Unlike the first SQ5, which was sold in South Africa exclusively as a turbodiesel derivative, the newcomer is powered by Audi's turbocharged 3.0-litre V6 petrol that delivers 260 kW and 500 Nm of torque. The latter figure may not be as impressive as its predecessor's, but remains very competitive, only being outpunched by the GLC43's powerplant to the extent of 20 Nm. The maximum torque is available from 1 370 to 4 500 rpm, which makes the car feel ever-keen and always responsive. Audi claims a 0-100 kph sprint time of 5.4 seconds, which is slightly slower than the GLC43, but which matches the claim for the Macan S. It's plenty fast enough, and the 8-speed transmission is a good match for it, generally providing decisive and slick shifts.
Eight-speed gearbox is well-matched to the engine's characteristics. Drive modes make a real impact on overall "feel" of the car.
Of course, as you cycle through the various drive modes the car's character changes noticeably, and so does the engine sound. It becomes quite vocal in its sportier modes, which is nice, but traditionalists will lament the fact that much of this sound is "fake". In the default driving mode the engine muted, and you'll marvel at the refinement of it all.
For the record, the engine is remarkably efficient and refined given its performance credentials. Audi claims a combined cycle consumption figure of 8.3 L/100 km, which you'll undoubtedly struggle to match, but, even so, it is significantly more fuel efficient in the real world than its Mercedes-Benz rival. We achieved a figure of around 10.0 L/100 km.
Ride & Handling?
Standard 20-inch wheels do not negatively impact ride quality and composure.
Based on Audi's acclaimed MLB-Evo platform (which also underpins the A4), the Q5 rides with a mix of composure and agility that is quite rare in this segment. Fitted as standard with sports suspension and damping control, the SQ5 possesses downright remarkable ride comfort, especially given its uncompromising footwear. The SQ5 uses a relatively new type of quattro configuration, which is called quattro ultra. One of the main goals with quattro ultra was efficiency, and given the fuel-consumption we achieved during our test, we've got no reason to doubt Audi's claims.
For a high-performance vehicle such as the SQ5, some enthusiasts may be worried that the new system, which favours front-wheel drive operation in no-slip conditions, could be detrimental to dynamic ability. In our experience, however, the system operates so imperceptibly that few would notice the difference.
The SQ5 features quattro ultra, which brings major efficiency gains. It shifts power imperceptibly.
How does it work? Well, although the SQ5 starts off in all-wheel drive mode when pulling away, if no slip is detected it will switch to front-wheel drive. When slip is detected at the front, it will channel power to the rear wheels using two clutches (one behind the gearbox and another in the rear axle). The system also takes into account the drive settings and the manner in which the vehicle is being driven.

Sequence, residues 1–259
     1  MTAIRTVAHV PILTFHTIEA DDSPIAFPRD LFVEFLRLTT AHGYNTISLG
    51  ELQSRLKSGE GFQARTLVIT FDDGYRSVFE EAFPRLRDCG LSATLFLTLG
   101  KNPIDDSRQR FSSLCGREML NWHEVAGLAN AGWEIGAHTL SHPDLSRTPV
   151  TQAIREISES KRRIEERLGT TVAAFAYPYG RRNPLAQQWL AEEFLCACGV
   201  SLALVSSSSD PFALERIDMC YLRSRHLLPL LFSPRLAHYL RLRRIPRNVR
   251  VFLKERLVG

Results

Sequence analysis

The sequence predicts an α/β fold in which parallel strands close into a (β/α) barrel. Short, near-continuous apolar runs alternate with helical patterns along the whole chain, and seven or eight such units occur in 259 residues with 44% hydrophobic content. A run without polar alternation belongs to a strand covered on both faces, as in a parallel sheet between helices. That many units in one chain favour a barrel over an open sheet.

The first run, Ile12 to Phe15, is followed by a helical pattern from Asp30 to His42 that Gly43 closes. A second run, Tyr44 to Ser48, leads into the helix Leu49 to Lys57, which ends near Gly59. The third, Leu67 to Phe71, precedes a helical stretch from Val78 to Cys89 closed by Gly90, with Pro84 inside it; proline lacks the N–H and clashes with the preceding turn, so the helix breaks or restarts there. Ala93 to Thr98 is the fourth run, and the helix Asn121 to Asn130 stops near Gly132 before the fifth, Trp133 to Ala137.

Does it all work? Well, in short, the SQ5 is as ruthlessly efficient in the roadholding department as it is in virtually every aspect of its package. Grip levels are high, it turns in well and body control is superb. It is not, however, the most engaging of vehicles to drive fast and the steering feel can be inconsistent in terms of its weighting and is generally devoid of real feedback. Nevertheless, when it comes to this type of fast SUV, we suspect that the ability to cover ground (of various surface quality) fast will rank higher on buyers' lists of requirements than the provision of driving engagement on a challenging ribbon of asphalt.
Pricing and warranty
Sadly, the really smart Virtual Cockpit is not standard and costs R7 000 extra. Worth having, though.
The Audi SQ5 currently (September 2017) sells for R1 044 000 without options. The price includes a 1-year/unlimited km warranty and 5-year/100 000 maintenance plan. As the flagship of the Q5 range, this model is comprehensively specified with niceties such as three-zone climate control, electrically adjustable front seats, park assist (including parking plus), auto lights/wipers, cruise control, automated tailgate, LED head- and taillamps and MMI Navigation Plus with touch input, amongst other items.
Our test unit also featured the following options; panoramic glass sunroof (R19 900), trailer tow hitch (R13 950), Bang&Olufsen sound system (R11 850), virtual cockpit (R7 000), fine nappa leather (R6 960), Matrix LED headlamps (R6 200), Rear seat bench plus (R4 900) and Audi smartphone interface (R4 180). The additional R74 940-worth of options bumps up the price to R1 118 940 as tested.
Ruthlessly efficient and excellent at what it does, the SQ5 is arguably the most-complete vehicle of its type.
At this end of the market, and in this niche specifically, there aren't really any bad choices and personal brand preference will largely determine which products buyers will choose. However, ignoring such subjective matters for a moment, we rate the SQ5 as a more refined and better-built offering than the Mercedes-AMG GLC43 4Matic, but the AMG has the edge in terms of practicality and outright performance. The Benz arguably also has the more charismatic engine. Add a number of high-cost options to the SQ5 and Jaguar's slightly bigger F-Pace also comes into play, as well as the Porsche Macan. So, ultimately, the SQ5 appears to straddle a middle ground, mirroring the best capabilities of its cheaper or pricier rivals, but seemingly without any of their (small) flaws.
But, it's almost robotic in the way that it ticks all the boxes. Does this mean the SQ5 lacks the personality or desirability a high-performance flagship should offer? That question brings us back into the realm of subjective matters, and that's something only the individual doing the buying will be able to answer.